Make your voice heard at Long Beach Transit’s STAR Initiative October community meetings

The Long Beach Transit Systemwide Transit Analysis and Reassessment (STAR) Initiative launched earlier this year in order to evaluate different types of service investments and consider possible changes to LBT’s services and routes. After gathering public input throughout spring and summer, STAR is moving on to the next phase and will be hosting community meetings this October to present initial recommendations on route and service changes. Attend a meeting to get info and provide your feedback.

• Wednesday, Oct. 4, 6:30 – 8:30 p.m.
El Dorado Park Senior Center, 2800 Studebaker Rd., Long Beach, CA 90818

• Thursday, Oct. 5, Noon – 2 p.m.
Downtown Long Beach Main Library, 101 Pacific Ave., Long Beach, CA 90802

• Thursday, Oct. 5, 6:30 – 8:30 p.m.
Signal Hill Youth Center, 1780 E. Hill St., Signal Hill, CA 90755

• Saturday, Oct. 14, 10 a.m. – Noon
Silverado Park Community Center, 1545 W 31st St., Long Beach, CA 90810

• Saturday, Oct. 21, 10 a.m. – Noon
Houghton Park Community Center, 6301 Myrtle Ave., Long Beach, CA 90805

2 replies

  1. […] Starting Wednesday 10/4 – Long Beach Transit is hosting a series of public input meetings on its Systemwide Transit Analysis and Reassessment (STAR) Initiative. The first meeting will take place from 6:30-8:30 p.m. at El Dorado Park Senior Center at 2800 Studebaker Road. Meetings continue Thursday 10/5 (DTLB and Signal Hill), Saturday 10/14 (Silverado Park), and Saturday 10/21 (Houghton Park). Additional details at The Source. […]

  2. I took the survey. It’s very detailed, asking individual questions route-by-route. However, I found the overall description and project maps confusing, because they don’t show the big picture clearly.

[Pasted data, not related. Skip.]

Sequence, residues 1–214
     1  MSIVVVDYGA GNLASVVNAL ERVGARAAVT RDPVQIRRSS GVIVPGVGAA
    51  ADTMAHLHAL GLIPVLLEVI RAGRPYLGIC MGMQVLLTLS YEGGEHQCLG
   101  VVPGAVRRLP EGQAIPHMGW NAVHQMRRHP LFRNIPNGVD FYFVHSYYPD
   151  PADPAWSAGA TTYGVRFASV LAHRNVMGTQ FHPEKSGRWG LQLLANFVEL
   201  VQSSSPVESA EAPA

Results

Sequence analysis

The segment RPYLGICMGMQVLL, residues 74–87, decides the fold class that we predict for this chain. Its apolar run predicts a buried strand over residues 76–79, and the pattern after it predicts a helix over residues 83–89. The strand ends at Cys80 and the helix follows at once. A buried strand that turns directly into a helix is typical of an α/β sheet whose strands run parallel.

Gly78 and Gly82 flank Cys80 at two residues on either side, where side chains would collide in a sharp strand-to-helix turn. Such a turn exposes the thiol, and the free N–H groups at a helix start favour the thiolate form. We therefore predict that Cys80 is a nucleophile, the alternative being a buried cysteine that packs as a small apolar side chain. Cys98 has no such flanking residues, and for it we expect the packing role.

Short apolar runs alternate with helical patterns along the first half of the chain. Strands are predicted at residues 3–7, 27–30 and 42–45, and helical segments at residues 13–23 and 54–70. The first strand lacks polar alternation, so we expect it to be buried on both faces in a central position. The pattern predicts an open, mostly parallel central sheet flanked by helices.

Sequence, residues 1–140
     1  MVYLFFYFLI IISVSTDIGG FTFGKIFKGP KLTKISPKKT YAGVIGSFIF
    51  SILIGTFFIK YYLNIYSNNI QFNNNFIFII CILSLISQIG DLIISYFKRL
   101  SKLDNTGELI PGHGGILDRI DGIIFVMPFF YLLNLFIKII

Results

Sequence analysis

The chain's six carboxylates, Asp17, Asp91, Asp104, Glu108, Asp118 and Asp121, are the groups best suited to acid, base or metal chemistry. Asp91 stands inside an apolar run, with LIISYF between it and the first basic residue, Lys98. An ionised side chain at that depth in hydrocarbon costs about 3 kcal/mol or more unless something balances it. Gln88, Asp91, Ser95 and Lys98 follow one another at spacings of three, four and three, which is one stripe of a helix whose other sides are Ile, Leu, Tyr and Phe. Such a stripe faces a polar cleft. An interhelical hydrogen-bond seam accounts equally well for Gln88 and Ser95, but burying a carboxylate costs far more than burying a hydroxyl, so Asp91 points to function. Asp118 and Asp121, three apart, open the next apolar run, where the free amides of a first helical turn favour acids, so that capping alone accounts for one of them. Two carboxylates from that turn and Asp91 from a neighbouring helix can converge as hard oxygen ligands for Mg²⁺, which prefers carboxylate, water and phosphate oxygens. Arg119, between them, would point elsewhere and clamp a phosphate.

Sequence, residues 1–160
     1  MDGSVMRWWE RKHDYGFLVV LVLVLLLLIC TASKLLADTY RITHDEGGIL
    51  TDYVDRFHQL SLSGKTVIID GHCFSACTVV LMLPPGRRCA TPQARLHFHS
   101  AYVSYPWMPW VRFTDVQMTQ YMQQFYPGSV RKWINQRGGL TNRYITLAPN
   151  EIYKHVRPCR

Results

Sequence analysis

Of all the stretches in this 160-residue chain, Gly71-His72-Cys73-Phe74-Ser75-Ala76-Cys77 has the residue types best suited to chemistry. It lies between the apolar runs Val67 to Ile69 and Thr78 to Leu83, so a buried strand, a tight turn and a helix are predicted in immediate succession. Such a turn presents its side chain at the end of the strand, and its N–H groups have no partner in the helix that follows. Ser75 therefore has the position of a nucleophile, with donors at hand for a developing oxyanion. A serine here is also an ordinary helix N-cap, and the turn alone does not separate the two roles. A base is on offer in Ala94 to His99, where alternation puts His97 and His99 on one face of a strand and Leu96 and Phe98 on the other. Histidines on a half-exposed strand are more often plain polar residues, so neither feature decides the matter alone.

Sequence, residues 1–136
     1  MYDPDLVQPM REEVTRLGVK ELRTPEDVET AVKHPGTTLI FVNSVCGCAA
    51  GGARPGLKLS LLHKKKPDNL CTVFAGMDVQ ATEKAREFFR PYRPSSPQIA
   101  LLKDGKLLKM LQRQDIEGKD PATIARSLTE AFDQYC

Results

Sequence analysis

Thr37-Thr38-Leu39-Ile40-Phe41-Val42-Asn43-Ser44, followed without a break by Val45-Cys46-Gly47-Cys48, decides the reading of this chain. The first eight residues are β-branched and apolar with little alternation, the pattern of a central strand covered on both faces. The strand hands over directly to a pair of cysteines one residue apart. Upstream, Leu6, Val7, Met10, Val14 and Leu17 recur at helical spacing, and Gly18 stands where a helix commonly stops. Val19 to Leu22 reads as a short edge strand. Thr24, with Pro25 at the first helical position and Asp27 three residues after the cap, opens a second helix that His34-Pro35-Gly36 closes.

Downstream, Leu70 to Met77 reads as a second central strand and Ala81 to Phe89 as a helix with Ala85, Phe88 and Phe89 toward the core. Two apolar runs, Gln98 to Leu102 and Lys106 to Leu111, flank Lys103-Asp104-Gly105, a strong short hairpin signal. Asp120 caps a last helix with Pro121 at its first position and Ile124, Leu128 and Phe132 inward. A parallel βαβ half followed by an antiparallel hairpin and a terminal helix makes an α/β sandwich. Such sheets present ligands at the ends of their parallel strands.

Basically, there are two alternative network designs, called “Frequent Transit Network” and “Circulator Transit Network”. The names are confusing, because the difference applies only to a small part of the network. The verbal description of the “Circulator” network says “Main corridors, such as Atlantic, Anaheim and PCH will continue to have high frequency services with regular buses”, but as far as I understand, it’s much more than that: both designs are based on a frequent network design for most of the routes south of the 405 and on the main north-south streets (with some fairly minor differences). The main difference is only in the east-west routes north of the 405: the “Frequent” network has a small number of widely spaced frequent cross-town routes, while the “Circulator” network has more routes which are shorter and more closely spaced, but with lower frequency.

    I think this broad view needs to be explained more clearly, both in the verbal characterization and on the maps (for example by using line width to indicate frequency). I was only able to get this understanding by inspecting information on individual routes, and since I didn’t have a chance to look at all of them, I’m still not certain that my characterization is correct…